A clinically relevant question is whether memories can be forgotten and still be potentially accessible at a later time, or whether these memories no longer exist as memory traces in the brain. Adherents to the latter view hold that delayed recall of abuse memories are secondary to "implanting" of abuse memories by overzealous therapists (Loftus et al., 1978). They claim that authentic memories can be "overwritten" by memories that are implanted or introduced through suggestion or other means. One study addressed the question of whether memories could be overwritten. Subjects who saw slides that included a hammer were then given the misleading information that a screwdriver had been among the slides. The subjects were then forced to recall whether they had seen a hammer or a screwdriver. Subjects did not falsely recall the screwdriver more than expected by chance (McCloskey & Zaragoza, 1985). The authors concluded that if the misleading information could overwrite the original memory, then the subjects would have falsely recalled the screwdriver more often. The authors concluded that there was not evidence that memories could be "overwritten."

The past two decades of research on false memory have generated as much heat as light on this topic, with the evolution of two different languages to describe the topic. In response to the original study by Williams (Williams, 1994), Loftus, Garry, and Feldman (1994) argued that a loss of memory about abuse is related to normal forgetting. They dichotomized normal "forgetting" and "repression," and argued that there is no evidence for repression.

The choice of language, however, can often shape the conception of an issue. Loftus and colleagues chose to frame the debate about false memories of abuse by using a term derived from psychoanalysis that refers to memories that are banished from consciousness because of the existence of a painful conflict. For a variety of reasons, psychoanalysis has been resistant to empirically based research; in fact, only very recently has a published, controlled trial of psychoanalysis been performed (Milrod et al., 2007). The concept of repression is a difficult one to test empirically, which has contributed to the heated rhetoric surrounding this issue.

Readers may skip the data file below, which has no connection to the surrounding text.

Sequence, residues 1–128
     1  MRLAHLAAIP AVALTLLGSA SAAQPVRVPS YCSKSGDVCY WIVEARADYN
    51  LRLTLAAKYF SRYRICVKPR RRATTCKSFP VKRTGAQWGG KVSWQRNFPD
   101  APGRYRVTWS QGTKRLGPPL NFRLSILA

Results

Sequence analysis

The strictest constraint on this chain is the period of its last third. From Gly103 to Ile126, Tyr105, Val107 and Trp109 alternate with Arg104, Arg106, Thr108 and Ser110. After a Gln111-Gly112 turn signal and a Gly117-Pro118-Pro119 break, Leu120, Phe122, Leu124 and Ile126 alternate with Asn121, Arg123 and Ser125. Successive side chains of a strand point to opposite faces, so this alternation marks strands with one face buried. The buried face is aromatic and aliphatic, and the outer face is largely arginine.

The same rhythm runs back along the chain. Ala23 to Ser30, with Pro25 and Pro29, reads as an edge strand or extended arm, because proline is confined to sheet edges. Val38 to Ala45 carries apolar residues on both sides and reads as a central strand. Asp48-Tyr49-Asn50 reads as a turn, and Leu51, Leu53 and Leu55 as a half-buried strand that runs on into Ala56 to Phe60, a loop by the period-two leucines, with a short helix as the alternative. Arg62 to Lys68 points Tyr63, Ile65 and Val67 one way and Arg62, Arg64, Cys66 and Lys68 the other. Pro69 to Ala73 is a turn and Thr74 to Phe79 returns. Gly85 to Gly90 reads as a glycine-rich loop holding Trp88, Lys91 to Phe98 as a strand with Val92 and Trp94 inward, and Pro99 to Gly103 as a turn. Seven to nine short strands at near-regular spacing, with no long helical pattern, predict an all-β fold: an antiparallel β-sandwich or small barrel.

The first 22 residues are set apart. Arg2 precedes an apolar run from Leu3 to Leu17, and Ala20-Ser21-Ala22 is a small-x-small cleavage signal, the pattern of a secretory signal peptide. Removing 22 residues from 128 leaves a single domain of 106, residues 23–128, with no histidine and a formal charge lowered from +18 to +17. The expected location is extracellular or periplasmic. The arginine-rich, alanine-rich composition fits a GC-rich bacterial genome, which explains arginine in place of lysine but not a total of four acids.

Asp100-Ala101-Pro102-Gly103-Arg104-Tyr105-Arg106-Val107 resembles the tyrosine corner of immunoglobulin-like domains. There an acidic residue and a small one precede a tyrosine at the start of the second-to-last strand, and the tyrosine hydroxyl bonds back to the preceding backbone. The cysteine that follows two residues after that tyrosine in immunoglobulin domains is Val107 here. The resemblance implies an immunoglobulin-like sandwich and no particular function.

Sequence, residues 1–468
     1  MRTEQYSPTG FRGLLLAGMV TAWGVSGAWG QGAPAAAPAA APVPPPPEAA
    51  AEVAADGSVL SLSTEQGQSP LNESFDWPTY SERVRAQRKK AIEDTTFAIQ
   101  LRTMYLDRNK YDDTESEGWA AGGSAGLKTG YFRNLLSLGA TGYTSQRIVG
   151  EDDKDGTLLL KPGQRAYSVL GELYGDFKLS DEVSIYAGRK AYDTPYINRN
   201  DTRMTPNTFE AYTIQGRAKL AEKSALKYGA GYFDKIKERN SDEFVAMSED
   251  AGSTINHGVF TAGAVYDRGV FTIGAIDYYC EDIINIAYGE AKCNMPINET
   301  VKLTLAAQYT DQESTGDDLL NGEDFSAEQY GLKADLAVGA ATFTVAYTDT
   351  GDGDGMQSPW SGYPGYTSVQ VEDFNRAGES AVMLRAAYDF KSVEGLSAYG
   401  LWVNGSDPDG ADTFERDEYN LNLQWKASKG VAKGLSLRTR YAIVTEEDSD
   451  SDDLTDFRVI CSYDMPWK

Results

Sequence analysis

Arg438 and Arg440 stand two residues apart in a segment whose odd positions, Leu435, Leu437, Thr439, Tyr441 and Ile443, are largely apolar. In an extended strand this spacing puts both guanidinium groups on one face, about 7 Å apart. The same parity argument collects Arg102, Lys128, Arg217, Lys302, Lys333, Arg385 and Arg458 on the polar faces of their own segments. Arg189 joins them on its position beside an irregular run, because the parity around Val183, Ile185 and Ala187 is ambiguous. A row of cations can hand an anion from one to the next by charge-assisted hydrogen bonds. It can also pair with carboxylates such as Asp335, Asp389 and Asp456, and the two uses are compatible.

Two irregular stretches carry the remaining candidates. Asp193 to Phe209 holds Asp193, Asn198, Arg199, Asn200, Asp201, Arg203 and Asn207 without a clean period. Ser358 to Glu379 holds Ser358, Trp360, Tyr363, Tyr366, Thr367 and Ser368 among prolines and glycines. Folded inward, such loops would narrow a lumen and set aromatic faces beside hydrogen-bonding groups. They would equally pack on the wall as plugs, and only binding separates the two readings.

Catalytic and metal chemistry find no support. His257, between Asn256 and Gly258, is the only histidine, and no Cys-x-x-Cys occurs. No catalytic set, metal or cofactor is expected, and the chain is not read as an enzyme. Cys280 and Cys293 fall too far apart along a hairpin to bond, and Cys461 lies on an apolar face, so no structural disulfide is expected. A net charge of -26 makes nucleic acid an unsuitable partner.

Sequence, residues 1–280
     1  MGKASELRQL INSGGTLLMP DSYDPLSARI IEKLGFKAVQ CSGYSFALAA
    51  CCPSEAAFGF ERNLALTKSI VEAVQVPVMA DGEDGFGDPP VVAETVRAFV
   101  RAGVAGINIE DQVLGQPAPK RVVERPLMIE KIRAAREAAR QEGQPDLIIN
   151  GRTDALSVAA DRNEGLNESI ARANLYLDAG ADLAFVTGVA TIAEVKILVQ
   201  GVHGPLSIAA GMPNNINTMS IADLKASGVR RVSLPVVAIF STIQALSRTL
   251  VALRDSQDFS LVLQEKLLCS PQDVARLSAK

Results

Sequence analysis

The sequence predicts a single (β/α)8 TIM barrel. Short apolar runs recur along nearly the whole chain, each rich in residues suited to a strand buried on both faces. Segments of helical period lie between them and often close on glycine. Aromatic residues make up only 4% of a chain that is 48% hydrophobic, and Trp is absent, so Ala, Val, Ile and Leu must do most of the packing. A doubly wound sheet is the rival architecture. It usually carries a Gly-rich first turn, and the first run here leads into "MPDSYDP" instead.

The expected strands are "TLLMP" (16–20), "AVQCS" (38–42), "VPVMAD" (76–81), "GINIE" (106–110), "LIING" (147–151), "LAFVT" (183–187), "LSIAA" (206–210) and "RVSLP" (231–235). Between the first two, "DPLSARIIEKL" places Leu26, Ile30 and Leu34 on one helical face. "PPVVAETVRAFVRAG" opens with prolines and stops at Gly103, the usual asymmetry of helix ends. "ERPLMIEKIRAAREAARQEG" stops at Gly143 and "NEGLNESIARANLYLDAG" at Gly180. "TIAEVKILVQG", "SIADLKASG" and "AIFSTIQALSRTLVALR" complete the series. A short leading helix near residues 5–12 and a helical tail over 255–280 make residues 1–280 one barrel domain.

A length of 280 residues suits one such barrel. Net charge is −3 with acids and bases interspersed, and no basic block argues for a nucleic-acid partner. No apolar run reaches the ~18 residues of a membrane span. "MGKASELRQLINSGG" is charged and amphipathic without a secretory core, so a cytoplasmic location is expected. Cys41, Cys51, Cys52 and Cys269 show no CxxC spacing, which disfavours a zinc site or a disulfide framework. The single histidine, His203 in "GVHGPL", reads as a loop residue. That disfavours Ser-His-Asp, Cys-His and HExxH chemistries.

For instance, Pezdek and Lam (2007) reviewed the last decade of research on memory for abuse and concluded that only 13% of the articles claiming to study false memory actually used the word as originally intended (DePrince and colleagues similarly found that 70% did not use true false memory paradigms; DePrince, Allard, Oh, & Freyd, 2004). Pezdek and Lam found that most studies used the Deese/ Roediger-McDermott paradigm (false recall of a critical lure after being read a list of words highly associated to the critical lure) (Roediger & McDermott, 1995) or the introduction of misinformation. As the authors pointed out, however, the Deese/Roediger-McDermott paradigm is not a true false memory paradigm—that is, the implanting of previously nonexistent information. Pezdek and Lam concluded that false memories and flawed memories should not be conflated, and that the term false memory should not be indiscriminately applied to experimental studies on memory, since the public generally extrapolated the findings to abused patients.

Predictably, following publication of this article, the rhetoric erupted once again. Wade and colleagues (2007) disputed the need to apply a narrow definition of false memory to experimental paradigms in the literature. Pezdek later wrote that the main effect of the article was "[to] obfuscate rather than clarify the discussion of false memory" (Pezdek, 2007). These articles show that we are no closer to consensus regarding the topic of false memory than we were a decade ago.